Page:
SSRs (simple sequence repeats) or microsatellite markers or sometimes referred to as a variable number of simple repeats are short segments of DNA that have a repeated sequence. The repeated unit may occur different times in different lines in the same crop species or population. Therefore, SSRs are a class of molecular markers based on polymerase chain reaction (PCR) primers designed to flank a set of tandem repeats of a short DNA sequence. Insertion or deletion of these repeat units contributes to the marker polymorphism (Liang et al., 2009; Wang et al., 2009). SSRs are highly polymorphic, multi-allelic, co-dominant, ubiquitously distributed in the genome, analytically simple, and readily transferable between species such as from soybean to peanut (He et al., 2006), and have been applied in recent years for the construction of genomic linkage maps and QTL analyses of various plant species including peanuts (Varshney et al., 2009; Hong et al., 2010; Qin et al., 2011). SSR marker polymorphism due to insertion or deletion of a short tandem repeat can be detected by different sizes of PCR amplicons. These amplicons can then be visualized using gel electrophoresis to determine the length of the products. Several methods have been proposed for the electrophoresis of these PCR products. In instances where size difference between fragments are large, standard high-melting agarose or MetaPhor agarose gels stained with ethidium bromide or SYBR green can be utilized. However, in most cases, size difference between fragments are relatively small (2–20 bp) and require the use of methods producing fine resolution such as polyacrylamide gel electrophoresis (PAGE) in conjunction with visualization methods such as fluorescent dye labeling or silver staining. Of these methods, silver staining is relatively simple, low cost, and more sensitive to the detection of nucleic acid fragments of low concentration in polyacrylamide gels than intercalating fluorescent dyes such as ethidium bromide and SYBR green (Rahman et al., 2000, Hwang et al., 2006).

In the past, given the cost involved in PCR amplification and gel electrophoresis of the large numbers of markers required in genotyping studies, laboratories that possess a small budget and/or limited or no access to expensive equipments are severely hindered to conduct this type of research activities. In this study, we intended to introduce and describe a method that is easy to handle, low-cost, and relatively high-throughput system for genotyping applications in peanut research.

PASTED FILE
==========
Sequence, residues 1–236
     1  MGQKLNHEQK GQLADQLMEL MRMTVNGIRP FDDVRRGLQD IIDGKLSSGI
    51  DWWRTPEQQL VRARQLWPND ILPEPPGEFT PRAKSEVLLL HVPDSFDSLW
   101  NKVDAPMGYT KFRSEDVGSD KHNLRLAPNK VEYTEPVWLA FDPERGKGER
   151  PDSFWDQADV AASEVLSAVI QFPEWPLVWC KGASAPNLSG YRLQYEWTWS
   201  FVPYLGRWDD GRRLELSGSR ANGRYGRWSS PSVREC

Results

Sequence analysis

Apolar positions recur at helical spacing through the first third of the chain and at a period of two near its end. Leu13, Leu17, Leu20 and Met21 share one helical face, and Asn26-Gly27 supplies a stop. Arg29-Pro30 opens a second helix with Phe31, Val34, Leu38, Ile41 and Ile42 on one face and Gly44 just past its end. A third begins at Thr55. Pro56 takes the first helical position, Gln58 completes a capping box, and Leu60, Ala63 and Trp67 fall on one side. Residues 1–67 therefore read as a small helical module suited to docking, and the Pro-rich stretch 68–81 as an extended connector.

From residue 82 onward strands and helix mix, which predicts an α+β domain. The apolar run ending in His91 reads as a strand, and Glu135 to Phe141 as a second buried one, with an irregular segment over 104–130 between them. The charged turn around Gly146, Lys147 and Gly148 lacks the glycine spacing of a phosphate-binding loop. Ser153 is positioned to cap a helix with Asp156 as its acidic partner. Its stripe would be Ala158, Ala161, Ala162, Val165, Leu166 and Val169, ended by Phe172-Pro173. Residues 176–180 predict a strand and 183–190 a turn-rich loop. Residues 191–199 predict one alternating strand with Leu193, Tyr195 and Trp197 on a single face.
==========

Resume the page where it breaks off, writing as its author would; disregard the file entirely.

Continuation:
Materials and Methods

Description of the electrophoresis apparatus

The electrophoresis system utilized in this method is the DYCZ-30B Electrophoresis Cell manufactured by the Beijing WoDeLife Sciences Instrument Company (, Beijing, China). The unit consists of two clamp-plates and allows simultaneous running of two gels. The two gels are cast between glass plates with dimensions of 20 cm wide and 10.5 cm high for the front plate, and 20 cm wide and 11.3 cm high for the rear plate. The rear plate also has built-in spacers measuring 1.0 mm in thickness. Upon assembly, final cast gel dimensions are 10.5 cm × 18.5 cm × 0.1 cm (H × W × T).

The sample capacity of each gel is dependent on the comb selected. The manufacturer offers various sized combs allowing for 25, 40, and 52 samples per gel. These configurations allow for the use of standard single-, eight- or 12-channel pipettes for loading although samples need to be carefully reordered in an alternating sequence when using multichannel pipettes in the 52 sample configuration. Using the 52 sample configuration, an assembled gel apparatus has a total capacity of 104 samples. In our applications with the 52 samples per gel configuration, 96 samples are loaded into a single assembled apparatus, which matches the 96-sample format of a PCR plate, and also allows for space on either side of the gels preventing errors due to the ‘edge effect’ observed during electrophoresis.

Electrophoresis protocol